Information & History on Weaving

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Weaving is regarded as one of the world's oldest surviving crafts. Weaving has been practiced since the Neolithic period, some 12,000 years ago. The essential idea of weaving was used to interlace branches and twigs to make fences, shelters, and baskets for protection even before the actual method of weaving was discovered.

Weaving is one of the most common processes of textile manufacture, including the interlacing of vertical and horizontal threads. The warp is a set of vertical threads, whereas the weft is a collection of horizontal threads.

Weaving can be done by hand or with the help of a machine. Looms are the machines that are used to weave. Looms began as a simple wooden frame and evolved into the complex computerized weaving equipment we see today. Weaving has become an automated technique in recent years, however hand weaving is still used.


Early Weaving

Early man created the first string by weaving plant fibers together 20,000–30,000 years ago. A delicate string or thread was created by stretching tiny bundles of plant material and twisting them together.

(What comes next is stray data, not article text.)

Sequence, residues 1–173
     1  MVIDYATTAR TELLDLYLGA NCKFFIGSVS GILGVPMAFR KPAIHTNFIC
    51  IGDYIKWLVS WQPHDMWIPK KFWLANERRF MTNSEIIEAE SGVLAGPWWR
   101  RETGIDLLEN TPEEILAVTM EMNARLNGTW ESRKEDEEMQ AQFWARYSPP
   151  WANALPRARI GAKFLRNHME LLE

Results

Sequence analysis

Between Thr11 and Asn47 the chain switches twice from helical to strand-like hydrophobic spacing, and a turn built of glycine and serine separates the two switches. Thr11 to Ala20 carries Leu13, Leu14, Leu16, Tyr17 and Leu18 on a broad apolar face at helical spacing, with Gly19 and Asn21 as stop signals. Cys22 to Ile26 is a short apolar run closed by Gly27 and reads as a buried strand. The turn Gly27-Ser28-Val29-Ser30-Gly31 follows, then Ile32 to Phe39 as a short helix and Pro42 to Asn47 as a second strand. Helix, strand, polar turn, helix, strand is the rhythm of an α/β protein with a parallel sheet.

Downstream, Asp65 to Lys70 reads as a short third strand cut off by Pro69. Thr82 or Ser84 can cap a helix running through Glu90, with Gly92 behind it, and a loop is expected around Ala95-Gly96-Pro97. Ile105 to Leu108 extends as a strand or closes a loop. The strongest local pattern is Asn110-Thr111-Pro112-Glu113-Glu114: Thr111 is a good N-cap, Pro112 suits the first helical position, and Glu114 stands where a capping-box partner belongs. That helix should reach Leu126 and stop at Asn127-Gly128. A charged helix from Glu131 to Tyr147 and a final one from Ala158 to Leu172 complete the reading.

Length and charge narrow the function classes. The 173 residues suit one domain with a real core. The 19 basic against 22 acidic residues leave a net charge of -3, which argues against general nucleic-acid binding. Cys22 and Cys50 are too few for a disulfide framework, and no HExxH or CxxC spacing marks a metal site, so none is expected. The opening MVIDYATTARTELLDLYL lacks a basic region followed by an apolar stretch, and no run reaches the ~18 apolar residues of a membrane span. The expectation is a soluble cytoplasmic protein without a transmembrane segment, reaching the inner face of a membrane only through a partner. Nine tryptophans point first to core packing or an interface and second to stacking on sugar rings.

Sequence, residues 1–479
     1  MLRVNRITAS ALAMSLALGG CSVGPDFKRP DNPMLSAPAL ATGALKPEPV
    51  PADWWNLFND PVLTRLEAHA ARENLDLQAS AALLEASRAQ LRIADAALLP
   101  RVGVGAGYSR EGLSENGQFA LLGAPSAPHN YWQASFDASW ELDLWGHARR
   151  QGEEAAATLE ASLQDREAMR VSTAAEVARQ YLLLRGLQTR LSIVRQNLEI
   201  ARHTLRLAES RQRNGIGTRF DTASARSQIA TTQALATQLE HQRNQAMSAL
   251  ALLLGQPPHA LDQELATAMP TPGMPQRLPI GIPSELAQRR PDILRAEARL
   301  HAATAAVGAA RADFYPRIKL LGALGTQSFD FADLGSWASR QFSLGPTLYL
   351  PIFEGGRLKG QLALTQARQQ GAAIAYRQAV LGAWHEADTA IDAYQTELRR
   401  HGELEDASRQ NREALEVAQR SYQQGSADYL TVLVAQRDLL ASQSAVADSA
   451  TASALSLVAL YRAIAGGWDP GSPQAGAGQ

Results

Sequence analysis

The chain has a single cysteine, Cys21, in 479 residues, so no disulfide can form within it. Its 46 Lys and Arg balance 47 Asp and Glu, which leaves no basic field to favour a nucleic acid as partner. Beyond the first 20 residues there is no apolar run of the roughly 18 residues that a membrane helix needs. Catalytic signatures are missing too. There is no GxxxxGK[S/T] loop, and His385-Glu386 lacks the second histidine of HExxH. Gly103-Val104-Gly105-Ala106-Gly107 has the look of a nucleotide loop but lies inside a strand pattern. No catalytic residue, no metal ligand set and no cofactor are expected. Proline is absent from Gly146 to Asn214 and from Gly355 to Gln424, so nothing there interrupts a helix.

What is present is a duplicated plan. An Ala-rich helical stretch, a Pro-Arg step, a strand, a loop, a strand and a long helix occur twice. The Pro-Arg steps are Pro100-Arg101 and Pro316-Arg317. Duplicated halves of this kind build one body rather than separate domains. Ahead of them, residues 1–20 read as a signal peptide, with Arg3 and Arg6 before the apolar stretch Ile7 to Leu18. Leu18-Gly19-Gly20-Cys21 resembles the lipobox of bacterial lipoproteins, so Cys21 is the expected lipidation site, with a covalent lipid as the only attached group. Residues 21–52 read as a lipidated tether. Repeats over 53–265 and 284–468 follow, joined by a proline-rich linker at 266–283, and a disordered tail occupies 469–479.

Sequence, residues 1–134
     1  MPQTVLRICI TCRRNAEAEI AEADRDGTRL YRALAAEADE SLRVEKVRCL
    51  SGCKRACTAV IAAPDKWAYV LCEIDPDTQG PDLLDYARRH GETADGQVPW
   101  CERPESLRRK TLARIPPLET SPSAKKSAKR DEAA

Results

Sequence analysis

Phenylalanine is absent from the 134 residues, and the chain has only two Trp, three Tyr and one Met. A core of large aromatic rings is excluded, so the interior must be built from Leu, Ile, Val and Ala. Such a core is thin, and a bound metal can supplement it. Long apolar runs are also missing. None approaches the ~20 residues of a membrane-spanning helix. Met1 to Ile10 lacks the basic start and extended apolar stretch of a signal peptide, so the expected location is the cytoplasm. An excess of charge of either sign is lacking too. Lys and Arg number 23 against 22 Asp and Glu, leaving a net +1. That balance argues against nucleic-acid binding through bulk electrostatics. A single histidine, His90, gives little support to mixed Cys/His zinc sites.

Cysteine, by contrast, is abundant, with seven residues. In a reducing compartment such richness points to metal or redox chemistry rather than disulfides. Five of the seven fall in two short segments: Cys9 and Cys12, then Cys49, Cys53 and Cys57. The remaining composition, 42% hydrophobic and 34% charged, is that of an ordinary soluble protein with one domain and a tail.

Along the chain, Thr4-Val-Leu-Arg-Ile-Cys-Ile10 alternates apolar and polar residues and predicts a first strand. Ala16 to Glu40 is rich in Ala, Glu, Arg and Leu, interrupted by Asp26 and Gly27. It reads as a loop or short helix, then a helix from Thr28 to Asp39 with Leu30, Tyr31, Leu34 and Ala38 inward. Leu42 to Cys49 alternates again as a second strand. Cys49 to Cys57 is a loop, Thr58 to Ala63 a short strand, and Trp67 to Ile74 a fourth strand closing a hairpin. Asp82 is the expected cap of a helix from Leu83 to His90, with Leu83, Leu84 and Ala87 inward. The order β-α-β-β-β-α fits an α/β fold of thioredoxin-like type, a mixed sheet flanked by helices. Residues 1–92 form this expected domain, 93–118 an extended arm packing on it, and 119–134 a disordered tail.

Weaving, spinning, and stitching all began with the capacity to make string and thread. The Stone Age The first woven textiles were created by man's early experimentation with string and thread. Various sizes of threads and strings were twisted and laced together to create a variety of useful items. Many weavers still utilize finger weaving, lacing, and knotting threads together by hand today.



During the Neolithic Era, humanity mastered the art of weaving textiles. For their own needs, each household manufactured cloth. For thousands of years, weaving fabric has been tied with the family unit. Many of today's weaving designs were created in the 11th century. Highly specialized fabric was produced by skilled weavers. Weaving fabric began to shift away from the family unit and into specialized work sites about this period..

With the invention of steam and water powered looms during the Industrial Revolution (1760–1815), cloth weaving became a mechanized business. The fly shuttle eliminated the need for a weaver to manually insert the weft thread into the warp.



The function of the weaver changed substantially as a result of technical advancements in fabric production throughout the Industrial Revolution. Large quantities of low-cost fabric were now easily available. Weaving has been reclassified as an industrial process. Workers in the textile industry were among the first to organize in modern labor movements.

The majority of our textile requirements are now met by commercially manufactured fabric. Our textiles are made by a huge and complicated fabric manufacturing sector that employs automated machinery.

However, there are craftsmen who continue the skills and traditions of the early weavers by weaving fabric on handlooms in home studios or small weaving enterprises.

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